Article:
By comparing the results from the geometric classifier alone with the ensemble classification using the geometric classifier as the first classifier and results from the vertical profile classifier alone with the ensemble classification using the vertical profile classifier as the first classifier (Table 4 and Table 5), accuracies for all genera are improved (except for producer’s accuracy for maple; vertical profile classifier). This implies that using the margin and pseudo-margin is effective for automatically filtering out LiDAR trees that are difficult to classify by the first classifier. The improvements in accuracies also suggest that the ensemble method outperforms the single classifier alone. Table 4 shows that individual classifiers (geometric features and vertical profile features) differ in their classification decisions; for example, the producer’s accuracy for pine has the largest difference. The differences indicate that there is potential for improving the accuracy after combining the classifiers.
Table 4. Confusion matrix for individual classifier: bold number: geometric classifier (average accuracy of 88.0%); italic numbers: vertical profile classifier (average accuracy of 88.8%).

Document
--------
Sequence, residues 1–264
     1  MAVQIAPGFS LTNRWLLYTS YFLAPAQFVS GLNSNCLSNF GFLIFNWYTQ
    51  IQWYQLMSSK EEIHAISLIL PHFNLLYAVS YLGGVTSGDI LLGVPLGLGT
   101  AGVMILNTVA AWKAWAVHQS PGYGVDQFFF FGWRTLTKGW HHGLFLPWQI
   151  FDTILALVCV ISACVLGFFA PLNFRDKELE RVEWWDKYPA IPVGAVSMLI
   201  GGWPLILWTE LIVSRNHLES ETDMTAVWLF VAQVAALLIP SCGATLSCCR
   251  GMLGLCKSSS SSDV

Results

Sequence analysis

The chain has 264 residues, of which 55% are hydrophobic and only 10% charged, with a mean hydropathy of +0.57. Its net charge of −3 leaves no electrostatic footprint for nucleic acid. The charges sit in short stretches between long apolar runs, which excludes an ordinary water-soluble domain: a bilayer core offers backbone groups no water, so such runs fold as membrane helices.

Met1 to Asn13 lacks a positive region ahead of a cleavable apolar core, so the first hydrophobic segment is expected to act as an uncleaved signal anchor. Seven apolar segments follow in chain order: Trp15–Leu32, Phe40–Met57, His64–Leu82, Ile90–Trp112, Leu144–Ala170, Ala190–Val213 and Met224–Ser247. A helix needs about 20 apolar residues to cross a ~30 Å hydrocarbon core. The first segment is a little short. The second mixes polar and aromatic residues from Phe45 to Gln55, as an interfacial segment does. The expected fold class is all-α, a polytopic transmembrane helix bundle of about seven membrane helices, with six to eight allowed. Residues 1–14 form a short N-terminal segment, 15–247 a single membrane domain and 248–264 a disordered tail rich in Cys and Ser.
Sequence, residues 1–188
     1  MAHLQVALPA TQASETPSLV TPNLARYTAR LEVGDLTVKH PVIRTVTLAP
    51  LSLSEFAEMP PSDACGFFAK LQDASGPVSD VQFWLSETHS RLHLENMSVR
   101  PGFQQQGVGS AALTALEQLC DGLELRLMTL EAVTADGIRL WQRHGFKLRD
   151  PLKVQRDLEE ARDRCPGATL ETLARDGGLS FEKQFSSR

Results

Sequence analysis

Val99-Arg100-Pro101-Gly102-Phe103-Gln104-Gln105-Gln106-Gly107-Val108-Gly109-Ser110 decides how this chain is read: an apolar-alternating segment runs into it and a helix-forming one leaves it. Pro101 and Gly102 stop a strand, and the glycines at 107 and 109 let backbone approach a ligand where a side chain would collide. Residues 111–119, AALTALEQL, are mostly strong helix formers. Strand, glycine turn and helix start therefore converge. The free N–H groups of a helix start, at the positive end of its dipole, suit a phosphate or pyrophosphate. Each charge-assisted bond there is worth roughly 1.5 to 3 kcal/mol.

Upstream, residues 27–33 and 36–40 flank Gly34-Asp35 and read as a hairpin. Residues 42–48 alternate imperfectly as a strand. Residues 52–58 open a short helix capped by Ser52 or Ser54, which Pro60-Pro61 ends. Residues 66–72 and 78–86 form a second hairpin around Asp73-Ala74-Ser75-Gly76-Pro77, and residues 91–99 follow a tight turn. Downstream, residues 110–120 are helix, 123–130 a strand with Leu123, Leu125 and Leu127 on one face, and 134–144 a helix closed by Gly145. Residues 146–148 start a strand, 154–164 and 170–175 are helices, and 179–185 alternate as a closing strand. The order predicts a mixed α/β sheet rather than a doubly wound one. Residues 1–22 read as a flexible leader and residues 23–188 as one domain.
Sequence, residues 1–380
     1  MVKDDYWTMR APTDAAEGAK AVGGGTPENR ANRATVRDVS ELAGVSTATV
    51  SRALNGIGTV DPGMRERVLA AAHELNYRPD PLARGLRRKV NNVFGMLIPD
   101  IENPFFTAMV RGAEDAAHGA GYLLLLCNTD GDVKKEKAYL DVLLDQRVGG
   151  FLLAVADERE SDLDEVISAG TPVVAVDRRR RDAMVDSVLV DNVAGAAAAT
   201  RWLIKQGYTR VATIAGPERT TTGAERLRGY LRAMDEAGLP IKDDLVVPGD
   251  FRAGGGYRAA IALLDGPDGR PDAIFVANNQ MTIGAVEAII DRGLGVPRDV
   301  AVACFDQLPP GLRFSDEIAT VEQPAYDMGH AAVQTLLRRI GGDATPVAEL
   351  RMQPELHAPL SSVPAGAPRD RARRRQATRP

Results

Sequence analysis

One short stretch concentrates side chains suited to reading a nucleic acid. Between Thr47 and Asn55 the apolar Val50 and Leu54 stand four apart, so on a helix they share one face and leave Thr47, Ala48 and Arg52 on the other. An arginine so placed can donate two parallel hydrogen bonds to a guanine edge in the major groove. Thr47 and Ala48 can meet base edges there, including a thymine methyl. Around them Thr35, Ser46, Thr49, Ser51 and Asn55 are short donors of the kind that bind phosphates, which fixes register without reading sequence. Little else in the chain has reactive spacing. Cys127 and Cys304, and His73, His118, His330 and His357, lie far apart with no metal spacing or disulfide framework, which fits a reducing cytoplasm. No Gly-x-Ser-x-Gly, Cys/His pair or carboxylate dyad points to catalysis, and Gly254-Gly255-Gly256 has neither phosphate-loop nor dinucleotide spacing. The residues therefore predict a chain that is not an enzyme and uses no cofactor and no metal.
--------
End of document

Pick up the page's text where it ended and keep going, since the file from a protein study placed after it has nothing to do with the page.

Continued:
Table 4. Confusion matrix for individual classifier: bold number: geometric classifier (average accuracy of 88.0%); italic numbers: vertical profile classifier (average accuracy of 88.8%).
ExpectedUser’s Accuracy (%)
PinePoplarMaple
PredictedPine856906115132191286.586.3
Poplar123877717362786.088.7
Maple271311948648894.693.8
Producer’s Accuracy (%)85.190.186.983.095.996.3
Table 5. Confusion matrix for ensemble classification, Bold number: geometric classifier as first classifier (average accuracy of 91.2%); italic numbers: vertical profile classifier as first classifier (average accuracy of 90.3%).
Table 5. Confusion matrix for ensemble classification, Bold number: geometric classifier as first classifier (average accuracy of 91.2%); italic numbers: vertical profile classifier as first classifier (average accuracy of 90.3%).
ExpectedUser’s Accuracy (%)
PinePoplarMaple
PredictedPine9039089410952190.187.5
Poplar86807867773589.890.1